Stronger than an Oak
Sims, one seventh of the rap collective Doomtree, goes out on a limb with his third solo effort Field Notes. As they say the fruit doesn’t fall far from the tree; Sims brought some of his compadres along, creating seven unstoppable beats. Field Notes blossoms track after track with green leaves of lyricism and beautiful budding bass lines.
Sims doesn’t waste a breath here. Each of these seven tracks are penned to perfection. From the jump, Field Notes hits hard. The first track, “L’audace,” sounds like a revolution. Lyrics such as “In my wake I want freedom, I want poetry, I want danger, I want sin/ I’m a heretic, I am arrogant, I’m American, now let’s begin,” come across like marching orders. On “Uh Huh,” Sims tackles politics once again, but his qualms are more aimed at the religious right. Statements like, “furthermore my ancestors never rode on dinosaurs/I’ve been having this argument for 6,000 years/and it only brought me here/but I only state facts, they disregard math,” are like C-4 explosives strapped to bring down the foundation.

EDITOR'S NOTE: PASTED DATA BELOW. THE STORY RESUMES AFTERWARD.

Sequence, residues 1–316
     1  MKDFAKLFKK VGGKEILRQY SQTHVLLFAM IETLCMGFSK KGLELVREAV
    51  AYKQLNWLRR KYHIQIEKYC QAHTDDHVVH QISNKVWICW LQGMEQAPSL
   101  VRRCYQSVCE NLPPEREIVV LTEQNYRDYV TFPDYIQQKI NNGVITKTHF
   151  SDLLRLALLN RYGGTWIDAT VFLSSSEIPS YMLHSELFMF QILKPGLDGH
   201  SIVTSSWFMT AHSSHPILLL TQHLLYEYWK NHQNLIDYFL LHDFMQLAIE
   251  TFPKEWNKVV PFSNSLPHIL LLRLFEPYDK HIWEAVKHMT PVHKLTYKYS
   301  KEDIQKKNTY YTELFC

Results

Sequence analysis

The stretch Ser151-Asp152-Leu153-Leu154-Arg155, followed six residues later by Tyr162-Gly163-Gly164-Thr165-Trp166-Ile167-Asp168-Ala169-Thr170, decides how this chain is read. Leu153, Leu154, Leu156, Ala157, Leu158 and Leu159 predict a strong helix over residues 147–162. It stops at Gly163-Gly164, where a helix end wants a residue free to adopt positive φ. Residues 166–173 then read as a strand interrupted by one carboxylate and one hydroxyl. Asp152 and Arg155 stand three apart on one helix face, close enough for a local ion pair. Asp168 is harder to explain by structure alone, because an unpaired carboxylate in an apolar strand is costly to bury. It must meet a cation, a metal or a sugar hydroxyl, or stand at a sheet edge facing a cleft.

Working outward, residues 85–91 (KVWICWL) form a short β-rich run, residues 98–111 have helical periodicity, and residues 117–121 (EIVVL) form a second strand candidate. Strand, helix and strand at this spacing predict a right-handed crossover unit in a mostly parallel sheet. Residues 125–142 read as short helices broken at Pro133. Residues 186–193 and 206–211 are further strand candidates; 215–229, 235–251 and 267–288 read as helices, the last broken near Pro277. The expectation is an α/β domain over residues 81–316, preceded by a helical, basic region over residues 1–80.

It’s on the song “Whale” though were the planets align perfectly, and the three minutes and 36 seconds stand still as a rare feat shows itself to you; an utterly beautiful sad song about struggle and addiction that is breathtaking. Field Notesis one of those albums that upon first listen you fall in love with every drum struck and every word spoken. It’s albums like this that make you remember why you love hip hop in the first place. Not for the guns, women or drugs but for music being used in a way to inspire. Sims, along with his other cohorts, know a thing or two about making real hip hop. If there were a test to take in order to be an MC, Field Notes would be the study guide.